By ABBY GOODNOUGH and TERRY AGUAYO | New York Times
Miriam Verdura could hardly wait to visit family in her native Cuba next month, her second trip since immigrating to southern Florida in 1999. But the Bush administration has dashed her plans with restrictions that start next Wednesday.
“It’s inhuman,” said Ms. Verdura, who was at the airport Wednesday morning seeing off friends who managed to book round-trip flights before the rules take effect and who were checking baggage with dozens of other travelers.
Because she last visited in 2002, Ms. Verdura will be ineligible to return until next year.
“Bush’s priority should first of all be to not keep Cuban families apart, because we suffer a lot,” she said.
The rules, published over the last week, have been promoted by President Bush as a way to hasten the end of the Castro government and were formulated at the urging of Republican Cuban-American lawmakers and others here. They limit Cuban-Americans to one trip home every three years and make it nearly impossible for most other Americans to visit the Communist island. They also restrict cash transfers and gift packages to Cubans.
“The only way to get rid of Fidel is to get tight on him,” said Mario Guzman, 75, who immigrated here in 1973 and was waiting to play dominoes in a park in the Little Havana section. “The main reason why he’s still in power is because the very Cubans he forced out are bringing him dollars back.”
But if supporters of a hard-line position toward Havana are applauding the measures, other Cuban-Americans are not. The regulations have sent travel agents and many travelers spinning as they try to rearrange plans by next Wednesday, when the government-issued licenses that Cuban immigrants have used will become invalid, and violators of the rules will face up to $4,000 in fines.
Charter companies are adding flights this week between Miami and Cuba, and travel agents are scrambling to find customers who have already left and warn them to return before Wednesday. Colleges and universities face canceling dozens of Cuban travel programs, and boaters can no longer dock there, even if they spend no money.
“People are crying, saying, ‘Please, can’t you put me on a plane?’ ” Tessie Aral, vice president and chief executive of ABC Charters, said. “One said, ‘I have to go because my mother is dying.’ They can’t wait another three years.”
The measures are part of a broader plan that President Bush announced last month to be tougher on President Fidel Castro and speed a transition to democracy in Cuba. Democrats and even some Republicans say the election-year crackdown is a nakedly political move to bolster Mr. Bush’s support among Cuban-Americans in southern Florida, a crucial segment of his base in this swing state.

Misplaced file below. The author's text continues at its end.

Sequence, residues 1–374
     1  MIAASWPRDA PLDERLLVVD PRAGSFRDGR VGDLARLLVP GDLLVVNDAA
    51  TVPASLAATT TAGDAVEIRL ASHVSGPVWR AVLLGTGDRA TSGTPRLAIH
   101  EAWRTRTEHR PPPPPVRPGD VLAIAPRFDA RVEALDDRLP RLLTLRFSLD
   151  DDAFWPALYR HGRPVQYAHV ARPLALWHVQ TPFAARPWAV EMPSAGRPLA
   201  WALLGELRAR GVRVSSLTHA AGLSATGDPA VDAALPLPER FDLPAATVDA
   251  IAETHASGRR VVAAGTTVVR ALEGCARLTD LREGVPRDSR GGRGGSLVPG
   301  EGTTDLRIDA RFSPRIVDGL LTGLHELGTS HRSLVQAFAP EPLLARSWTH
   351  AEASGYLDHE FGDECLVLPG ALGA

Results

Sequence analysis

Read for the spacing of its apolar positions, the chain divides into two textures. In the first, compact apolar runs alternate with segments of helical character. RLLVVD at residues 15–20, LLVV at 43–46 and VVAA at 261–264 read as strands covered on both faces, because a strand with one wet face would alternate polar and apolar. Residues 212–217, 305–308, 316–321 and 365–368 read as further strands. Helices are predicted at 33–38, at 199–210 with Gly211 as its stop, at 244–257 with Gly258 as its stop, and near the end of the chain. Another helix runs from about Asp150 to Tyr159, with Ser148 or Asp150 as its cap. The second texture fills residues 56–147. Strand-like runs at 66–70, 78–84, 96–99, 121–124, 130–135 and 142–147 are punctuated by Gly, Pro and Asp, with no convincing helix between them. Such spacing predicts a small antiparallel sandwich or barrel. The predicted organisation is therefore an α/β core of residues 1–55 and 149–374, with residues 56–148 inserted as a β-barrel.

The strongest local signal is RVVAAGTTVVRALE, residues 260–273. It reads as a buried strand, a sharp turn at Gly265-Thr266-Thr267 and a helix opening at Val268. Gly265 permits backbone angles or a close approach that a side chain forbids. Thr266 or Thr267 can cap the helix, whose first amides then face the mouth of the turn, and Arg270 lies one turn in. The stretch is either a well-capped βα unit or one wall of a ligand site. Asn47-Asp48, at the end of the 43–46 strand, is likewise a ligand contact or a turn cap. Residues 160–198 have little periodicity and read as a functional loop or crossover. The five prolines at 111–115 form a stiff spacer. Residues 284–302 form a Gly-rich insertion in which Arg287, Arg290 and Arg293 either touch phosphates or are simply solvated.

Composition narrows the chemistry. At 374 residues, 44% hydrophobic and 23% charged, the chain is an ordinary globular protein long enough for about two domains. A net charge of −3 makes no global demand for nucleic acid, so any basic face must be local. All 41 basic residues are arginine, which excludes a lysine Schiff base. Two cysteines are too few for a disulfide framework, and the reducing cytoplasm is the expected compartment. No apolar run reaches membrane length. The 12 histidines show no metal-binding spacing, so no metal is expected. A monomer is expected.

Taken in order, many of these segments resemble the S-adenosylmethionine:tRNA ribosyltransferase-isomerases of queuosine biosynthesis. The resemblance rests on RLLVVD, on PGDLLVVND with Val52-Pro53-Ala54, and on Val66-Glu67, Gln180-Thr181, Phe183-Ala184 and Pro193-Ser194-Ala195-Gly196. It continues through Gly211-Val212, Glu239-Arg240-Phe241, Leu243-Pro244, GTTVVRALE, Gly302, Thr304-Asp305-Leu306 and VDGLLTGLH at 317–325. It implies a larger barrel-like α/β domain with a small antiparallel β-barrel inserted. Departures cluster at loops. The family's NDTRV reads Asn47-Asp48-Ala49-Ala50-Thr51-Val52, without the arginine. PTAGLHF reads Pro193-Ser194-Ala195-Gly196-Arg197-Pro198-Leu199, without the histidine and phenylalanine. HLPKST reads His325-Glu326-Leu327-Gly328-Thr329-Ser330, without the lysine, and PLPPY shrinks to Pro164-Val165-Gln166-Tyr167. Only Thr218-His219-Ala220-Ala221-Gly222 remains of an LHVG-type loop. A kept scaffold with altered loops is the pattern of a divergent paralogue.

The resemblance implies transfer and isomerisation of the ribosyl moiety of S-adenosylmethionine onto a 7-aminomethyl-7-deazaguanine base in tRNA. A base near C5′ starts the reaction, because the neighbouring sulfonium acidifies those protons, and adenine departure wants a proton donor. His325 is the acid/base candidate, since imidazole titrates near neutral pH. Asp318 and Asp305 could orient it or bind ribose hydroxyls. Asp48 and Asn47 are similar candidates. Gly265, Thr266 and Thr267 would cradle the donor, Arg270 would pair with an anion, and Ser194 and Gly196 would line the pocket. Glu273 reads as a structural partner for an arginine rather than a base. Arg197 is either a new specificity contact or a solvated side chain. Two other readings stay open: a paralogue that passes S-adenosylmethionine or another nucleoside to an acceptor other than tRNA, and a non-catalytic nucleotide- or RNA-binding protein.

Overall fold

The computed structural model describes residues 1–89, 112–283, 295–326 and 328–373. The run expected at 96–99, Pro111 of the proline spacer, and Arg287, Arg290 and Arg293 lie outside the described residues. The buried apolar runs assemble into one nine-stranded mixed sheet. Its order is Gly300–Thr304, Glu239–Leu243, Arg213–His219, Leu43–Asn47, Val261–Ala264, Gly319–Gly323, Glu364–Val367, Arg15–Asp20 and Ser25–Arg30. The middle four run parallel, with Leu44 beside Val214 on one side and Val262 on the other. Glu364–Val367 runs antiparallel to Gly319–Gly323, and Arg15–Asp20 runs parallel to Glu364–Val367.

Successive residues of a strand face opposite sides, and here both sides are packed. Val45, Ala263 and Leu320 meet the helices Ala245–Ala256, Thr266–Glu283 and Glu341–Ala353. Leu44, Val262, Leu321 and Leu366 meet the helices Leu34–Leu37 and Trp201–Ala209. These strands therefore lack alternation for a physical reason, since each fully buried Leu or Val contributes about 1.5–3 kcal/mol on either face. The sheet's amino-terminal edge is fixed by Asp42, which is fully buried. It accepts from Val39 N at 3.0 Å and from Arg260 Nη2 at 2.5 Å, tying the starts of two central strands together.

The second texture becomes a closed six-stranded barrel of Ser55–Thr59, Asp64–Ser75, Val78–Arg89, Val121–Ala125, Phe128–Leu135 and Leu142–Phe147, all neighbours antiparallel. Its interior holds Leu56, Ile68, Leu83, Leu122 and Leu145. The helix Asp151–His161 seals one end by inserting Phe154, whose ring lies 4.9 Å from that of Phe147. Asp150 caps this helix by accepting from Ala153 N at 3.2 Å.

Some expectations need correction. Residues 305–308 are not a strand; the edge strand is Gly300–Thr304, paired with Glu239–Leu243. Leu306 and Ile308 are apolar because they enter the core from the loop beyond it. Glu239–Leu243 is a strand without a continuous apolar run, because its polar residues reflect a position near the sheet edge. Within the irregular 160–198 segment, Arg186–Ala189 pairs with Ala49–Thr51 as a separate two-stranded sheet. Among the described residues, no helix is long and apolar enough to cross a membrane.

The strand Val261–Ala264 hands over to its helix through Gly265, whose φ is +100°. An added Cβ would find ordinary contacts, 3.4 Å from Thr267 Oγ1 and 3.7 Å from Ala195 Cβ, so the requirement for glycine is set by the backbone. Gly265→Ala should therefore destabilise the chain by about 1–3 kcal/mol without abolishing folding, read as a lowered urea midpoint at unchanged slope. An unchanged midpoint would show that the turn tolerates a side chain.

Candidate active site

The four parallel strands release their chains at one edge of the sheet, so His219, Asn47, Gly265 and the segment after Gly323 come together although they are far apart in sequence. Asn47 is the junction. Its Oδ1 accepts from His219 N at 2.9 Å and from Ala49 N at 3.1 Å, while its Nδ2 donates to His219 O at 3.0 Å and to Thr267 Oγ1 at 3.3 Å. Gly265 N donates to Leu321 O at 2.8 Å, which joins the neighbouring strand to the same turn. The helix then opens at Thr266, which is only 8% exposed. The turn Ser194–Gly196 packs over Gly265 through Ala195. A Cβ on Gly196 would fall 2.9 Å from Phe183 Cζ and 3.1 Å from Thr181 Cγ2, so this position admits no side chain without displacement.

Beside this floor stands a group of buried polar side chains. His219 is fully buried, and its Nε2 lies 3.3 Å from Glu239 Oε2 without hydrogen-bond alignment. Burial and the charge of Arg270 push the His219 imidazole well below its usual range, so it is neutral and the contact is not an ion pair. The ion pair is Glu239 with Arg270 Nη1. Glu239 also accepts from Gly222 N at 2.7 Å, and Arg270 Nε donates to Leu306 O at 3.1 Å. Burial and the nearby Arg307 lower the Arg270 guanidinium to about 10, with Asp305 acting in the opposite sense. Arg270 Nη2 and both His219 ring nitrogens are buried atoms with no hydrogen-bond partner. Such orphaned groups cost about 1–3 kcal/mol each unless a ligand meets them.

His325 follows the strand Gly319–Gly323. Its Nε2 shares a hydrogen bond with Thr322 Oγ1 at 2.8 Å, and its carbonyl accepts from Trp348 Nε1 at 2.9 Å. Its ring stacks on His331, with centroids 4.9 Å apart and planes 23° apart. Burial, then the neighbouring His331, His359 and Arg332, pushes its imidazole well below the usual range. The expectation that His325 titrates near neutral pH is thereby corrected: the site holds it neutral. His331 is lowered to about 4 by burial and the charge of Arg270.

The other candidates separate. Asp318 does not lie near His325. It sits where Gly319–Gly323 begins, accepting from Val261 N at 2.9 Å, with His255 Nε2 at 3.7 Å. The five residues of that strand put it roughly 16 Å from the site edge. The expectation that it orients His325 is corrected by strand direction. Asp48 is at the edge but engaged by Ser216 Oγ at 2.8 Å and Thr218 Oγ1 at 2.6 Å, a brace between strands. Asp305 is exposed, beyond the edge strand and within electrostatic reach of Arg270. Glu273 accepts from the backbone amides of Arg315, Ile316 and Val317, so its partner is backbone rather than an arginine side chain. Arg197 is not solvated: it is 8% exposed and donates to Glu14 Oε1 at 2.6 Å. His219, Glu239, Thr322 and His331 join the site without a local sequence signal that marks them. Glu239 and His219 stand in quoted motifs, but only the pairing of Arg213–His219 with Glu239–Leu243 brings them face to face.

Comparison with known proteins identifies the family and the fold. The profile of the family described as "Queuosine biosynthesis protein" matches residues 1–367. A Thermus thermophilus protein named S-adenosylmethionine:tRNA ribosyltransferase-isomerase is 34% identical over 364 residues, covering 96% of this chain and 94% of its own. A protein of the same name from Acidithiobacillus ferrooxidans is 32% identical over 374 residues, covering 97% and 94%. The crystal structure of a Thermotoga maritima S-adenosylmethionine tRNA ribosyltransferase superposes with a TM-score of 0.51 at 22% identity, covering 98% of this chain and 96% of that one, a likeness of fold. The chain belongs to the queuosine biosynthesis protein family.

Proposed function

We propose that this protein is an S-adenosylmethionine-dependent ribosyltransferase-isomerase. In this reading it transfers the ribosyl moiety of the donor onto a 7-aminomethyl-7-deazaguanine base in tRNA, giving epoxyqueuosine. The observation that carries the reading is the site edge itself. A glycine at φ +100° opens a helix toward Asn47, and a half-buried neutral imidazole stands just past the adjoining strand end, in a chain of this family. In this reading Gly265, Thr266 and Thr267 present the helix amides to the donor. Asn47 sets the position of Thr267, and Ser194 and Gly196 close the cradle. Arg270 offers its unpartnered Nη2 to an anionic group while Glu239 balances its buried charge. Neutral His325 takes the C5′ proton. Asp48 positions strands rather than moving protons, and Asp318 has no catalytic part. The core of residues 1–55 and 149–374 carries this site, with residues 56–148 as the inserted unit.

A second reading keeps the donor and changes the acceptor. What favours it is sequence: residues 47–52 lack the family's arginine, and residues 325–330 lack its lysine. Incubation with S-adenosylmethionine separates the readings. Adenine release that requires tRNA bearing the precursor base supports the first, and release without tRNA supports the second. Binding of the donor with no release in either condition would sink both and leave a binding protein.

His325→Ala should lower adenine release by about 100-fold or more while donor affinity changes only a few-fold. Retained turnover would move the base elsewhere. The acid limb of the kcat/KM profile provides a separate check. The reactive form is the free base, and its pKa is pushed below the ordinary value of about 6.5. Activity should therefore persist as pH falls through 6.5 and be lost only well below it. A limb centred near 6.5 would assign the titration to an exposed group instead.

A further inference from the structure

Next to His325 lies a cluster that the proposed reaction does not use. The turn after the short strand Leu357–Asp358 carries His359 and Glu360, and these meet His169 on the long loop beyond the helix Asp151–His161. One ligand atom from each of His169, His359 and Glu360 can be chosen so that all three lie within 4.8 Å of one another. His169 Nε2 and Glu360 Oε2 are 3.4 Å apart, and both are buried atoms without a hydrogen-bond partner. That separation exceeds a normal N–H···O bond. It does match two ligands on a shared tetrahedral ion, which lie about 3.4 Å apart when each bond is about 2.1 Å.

A debate is raging about whether Mr. Bush went too far and whether the crackdown could in fact hurt his re-election prospects.
“It’s very important for people to vote against him because of this policy,” Ms. Aral said. “When we were helping check people into a flight last weekend, I said: ‘Are you registered to vote? Then you need to vote this November.’ Eighty percent said they would.”
On the other side of the debate are older Cuban-Americans like Mr. Guzman who arrived here decades ago, who take a much harder stance than their younger counterparts against Mr. Castro and press Washington do the same. Many are more affluent and educated than recent immigrants, far more likely to vote and less likely to visit Cuba. They are steadfast Republicans who helped ensure Mr. Bush’s 537-vote victory over Al Gore here in 2000.
A spokesman for Mr. Bush’s campaign, Reed Dickens, said the rules were not a vote-getting tactic but an effort to free Cubans from Mr. Castro’s hold. “No one has a stronger record than President Bush in fighting the Castro regime while at the same time helping the oppressed people of Cuba,” Mr. Dickens said.
Under the changes, United States residents will be allowed to visit relatives once every three years instead of once a year. They will be able to spend $50 a day, down from $167, plus $50 a day for transportation, if needed. Visitors will need a special license that will let them visit immediate family members only, for up to 14 days at a time.
Until now, a “general license” has allowed them to visit relatives like cousins and aunts.